When Your Inner Voice Sounds Like Regina George
When I showed up for my yoga shoot, I was wearing a big, white sweatshirt with my purple yoga pants. It was 45 degrees (F) on this spring day in Normandy, & the l'Orangerie had no heat.
I told myself it was because I was cold.
After all, body image issues are no longer an issue for me--I am passionate about encouraging women to love their bodies.
But when the photographer suggested I take off the sweatshirt for the remainder of the shoot, I more than hesitated. My stomach tightened into a cold, iron knot, and I involuntarily sucked my cheeks in (a habit I curated from youth in response to the well-meaning compliment, "you have the cutest chipmunk cheeks!").
In that moment, I knew I was grappling with my ego. The 20+ pounds I've gained were all I could think about. My old thoughts of needing to be 100% perfect to be an effective health coach needled into my brain. Then my higher Self stepped in.
How in the world can I authentically encourage you to embrace your beautifully & perfectly imperfect raw, authentic beauty, ALL of it, if I am not willing to step outside of my comfort zone & into the fear?
(Also 20 pounds less than this? Not perfect. Not healthy. Not even a little bit.)
I asked the photographer if I could simply move through a personal practice, stepping into my Self & tuning into my body. It then became about the grace, power, & alignment of my body rather than my outward, physical appearance.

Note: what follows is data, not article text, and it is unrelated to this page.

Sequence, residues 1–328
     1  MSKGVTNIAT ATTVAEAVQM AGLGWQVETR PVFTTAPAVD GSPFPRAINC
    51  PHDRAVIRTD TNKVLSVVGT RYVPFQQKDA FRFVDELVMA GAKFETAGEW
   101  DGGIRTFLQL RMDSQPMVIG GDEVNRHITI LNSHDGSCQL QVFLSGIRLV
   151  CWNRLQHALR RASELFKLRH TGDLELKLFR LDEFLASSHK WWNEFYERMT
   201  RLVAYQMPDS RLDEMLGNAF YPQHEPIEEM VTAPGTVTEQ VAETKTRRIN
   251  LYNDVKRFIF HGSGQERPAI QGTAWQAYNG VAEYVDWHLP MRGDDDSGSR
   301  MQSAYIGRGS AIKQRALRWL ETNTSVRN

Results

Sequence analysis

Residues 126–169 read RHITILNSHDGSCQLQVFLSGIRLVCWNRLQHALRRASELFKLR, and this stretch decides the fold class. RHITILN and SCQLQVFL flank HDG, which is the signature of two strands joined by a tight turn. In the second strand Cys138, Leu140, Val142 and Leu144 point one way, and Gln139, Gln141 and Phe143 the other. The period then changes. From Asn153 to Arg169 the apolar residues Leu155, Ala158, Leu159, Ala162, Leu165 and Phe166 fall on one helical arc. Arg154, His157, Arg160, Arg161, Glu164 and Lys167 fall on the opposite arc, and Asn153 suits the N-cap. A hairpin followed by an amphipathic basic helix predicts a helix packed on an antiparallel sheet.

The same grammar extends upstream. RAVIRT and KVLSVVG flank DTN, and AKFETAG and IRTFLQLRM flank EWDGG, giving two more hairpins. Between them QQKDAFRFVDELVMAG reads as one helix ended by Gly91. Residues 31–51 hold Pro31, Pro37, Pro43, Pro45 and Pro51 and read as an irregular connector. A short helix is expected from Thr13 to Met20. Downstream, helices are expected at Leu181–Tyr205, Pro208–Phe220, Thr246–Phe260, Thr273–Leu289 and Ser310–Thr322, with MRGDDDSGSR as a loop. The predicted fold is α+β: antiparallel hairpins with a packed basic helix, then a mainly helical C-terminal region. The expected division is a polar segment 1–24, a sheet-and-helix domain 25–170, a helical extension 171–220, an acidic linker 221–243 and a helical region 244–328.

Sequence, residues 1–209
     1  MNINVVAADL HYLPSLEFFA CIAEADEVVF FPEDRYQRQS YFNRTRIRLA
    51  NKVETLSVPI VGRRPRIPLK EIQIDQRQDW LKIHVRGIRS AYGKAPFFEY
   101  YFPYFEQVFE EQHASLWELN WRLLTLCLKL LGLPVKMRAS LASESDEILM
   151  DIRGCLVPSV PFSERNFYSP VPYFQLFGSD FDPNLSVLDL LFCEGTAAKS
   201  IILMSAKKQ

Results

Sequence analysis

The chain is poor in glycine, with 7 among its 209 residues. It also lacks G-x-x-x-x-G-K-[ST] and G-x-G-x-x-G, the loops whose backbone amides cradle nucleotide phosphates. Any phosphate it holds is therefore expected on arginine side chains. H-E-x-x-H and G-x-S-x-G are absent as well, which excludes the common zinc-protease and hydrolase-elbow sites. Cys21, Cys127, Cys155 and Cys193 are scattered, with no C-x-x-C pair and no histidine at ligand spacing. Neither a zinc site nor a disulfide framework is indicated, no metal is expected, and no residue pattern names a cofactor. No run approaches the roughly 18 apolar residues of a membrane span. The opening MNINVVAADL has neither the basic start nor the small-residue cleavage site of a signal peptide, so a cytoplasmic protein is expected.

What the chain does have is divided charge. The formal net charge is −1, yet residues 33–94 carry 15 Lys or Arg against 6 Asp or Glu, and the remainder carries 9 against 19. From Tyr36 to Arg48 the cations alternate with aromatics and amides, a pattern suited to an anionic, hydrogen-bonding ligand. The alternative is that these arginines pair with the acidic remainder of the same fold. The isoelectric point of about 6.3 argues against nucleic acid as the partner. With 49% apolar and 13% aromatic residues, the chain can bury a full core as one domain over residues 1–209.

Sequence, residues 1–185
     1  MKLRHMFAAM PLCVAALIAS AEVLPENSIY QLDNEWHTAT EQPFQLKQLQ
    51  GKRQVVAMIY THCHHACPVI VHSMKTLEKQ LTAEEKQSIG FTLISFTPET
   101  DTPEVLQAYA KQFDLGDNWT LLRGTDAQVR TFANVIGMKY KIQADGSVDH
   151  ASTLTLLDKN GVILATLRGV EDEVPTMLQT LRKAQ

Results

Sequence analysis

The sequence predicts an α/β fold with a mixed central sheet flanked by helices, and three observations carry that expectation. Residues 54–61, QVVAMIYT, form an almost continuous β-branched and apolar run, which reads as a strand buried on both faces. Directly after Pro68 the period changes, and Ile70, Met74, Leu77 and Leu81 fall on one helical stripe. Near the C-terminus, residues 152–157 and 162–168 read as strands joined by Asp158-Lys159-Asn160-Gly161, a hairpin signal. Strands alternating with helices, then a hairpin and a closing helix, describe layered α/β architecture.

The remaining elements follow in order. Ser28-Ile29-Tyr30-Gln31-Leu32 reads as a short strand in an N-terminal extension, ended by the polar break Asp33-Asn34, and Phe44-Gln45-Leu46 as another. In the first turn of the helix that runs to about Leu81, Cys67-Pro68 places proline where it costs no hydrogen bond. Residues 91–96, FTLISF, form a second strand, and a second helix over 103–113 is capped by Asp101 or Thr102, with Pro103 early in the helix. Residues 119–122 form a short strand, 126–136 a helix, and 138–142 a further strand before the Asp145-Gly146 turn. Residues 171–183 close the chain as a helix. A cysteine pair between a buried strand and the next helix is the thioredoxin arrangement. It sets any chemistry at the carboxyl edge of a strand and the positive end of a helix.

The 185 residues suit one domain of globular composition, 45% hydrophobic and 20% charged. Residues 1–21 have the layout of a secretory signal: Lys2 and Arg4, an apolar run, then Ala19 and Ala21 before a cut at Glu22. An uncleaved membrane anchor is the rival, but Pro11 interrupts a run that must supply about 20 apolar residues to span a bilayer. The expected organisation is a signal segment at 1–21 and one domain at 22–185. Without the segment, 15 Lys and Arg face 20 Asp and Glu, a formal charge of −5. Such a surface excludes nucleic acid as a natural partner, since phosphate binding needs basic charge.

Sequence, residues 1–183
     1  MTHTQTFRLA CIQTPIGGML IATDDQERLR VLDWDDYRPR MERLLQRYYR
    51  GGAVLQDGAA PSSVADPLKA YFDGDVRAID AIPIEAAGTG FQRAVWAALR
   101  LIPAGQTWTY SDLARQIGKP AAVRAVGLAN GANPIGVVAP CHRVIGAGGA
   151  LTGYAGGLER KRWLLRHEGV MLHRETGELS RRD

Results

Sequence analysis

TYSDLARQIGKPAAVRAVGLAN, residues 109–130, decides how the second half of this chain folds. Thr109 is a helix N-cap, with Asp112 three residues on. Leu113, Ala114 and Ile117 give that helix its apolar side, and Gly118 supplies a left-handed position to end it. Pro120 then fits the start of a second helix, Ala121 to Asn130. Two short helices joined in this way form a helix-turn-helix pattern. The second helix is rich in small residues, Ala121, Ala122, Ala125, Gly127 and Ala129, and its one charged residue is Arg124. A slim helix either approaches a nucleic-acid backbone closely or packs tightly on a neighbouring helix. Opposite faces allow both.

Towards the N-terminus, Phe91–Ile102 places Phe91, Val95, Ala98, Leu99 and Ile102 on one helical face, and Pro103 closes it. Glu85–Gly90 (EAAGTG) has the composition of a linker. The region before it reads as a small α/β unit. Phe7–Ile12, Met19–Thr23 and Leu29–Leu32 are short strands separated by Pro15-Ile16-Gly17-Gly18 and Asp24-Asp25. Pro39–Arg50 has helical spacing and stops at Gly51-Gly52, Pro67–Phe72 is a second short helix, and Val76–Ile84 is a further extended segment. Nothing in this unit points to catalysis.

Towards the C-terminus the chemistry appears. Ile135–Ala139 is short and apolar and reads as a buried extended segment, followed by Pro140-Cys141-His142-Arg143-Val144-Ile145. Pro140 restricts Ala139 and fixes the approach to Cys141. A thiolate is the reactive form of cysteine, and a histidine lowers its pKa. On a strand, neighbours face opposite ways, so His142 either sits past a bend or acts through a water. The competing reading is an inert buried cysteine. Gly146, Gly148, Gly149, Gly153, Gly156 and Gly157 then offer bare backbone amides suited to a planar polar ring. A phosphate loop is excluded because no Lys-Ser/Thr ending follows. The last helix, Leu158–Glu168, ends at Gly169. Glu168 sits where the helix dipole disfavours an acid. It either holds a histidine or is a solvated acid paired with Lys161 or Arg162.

There is no perfect yoga body. There is no perfect body. There is no ideal weight. There is only a mutual respect between the self & the Self. A give and take. An honoring of the needs of the body when it comes to nourishment (both physical & emotional).
Dude. When the pictures came in there was some SERIOUS negative self talk. The fold of my stomach skin in one photo making my self cringe. The crinkles & wrinkles & imperfections were all I could see.
Again, the Self came in, & she reminded me:
It's not about perfection or ignoring the negative self talk. It's about listening & understanding from where it's stemming, & then responding with the same love & authentic appreciation as you would toward the person you love the VERY most. Your best friend. A child. A sibling.
Because we can love ourselves that much. We can. We really deserve to treat ourselves with the same love we hold for the person we LOVE the very most.
Can it be you?
(To be clear, I'm not looking for compliments on this photo; I realize the lighting is GREAT, the posture is flattering, & the photographer frankly did an amazing job. This is an incredible shot. But knowing this & KNOWING this are two different things, & THAT is what I'm highlighting here.)
How do you work toward loving yourself, all of you?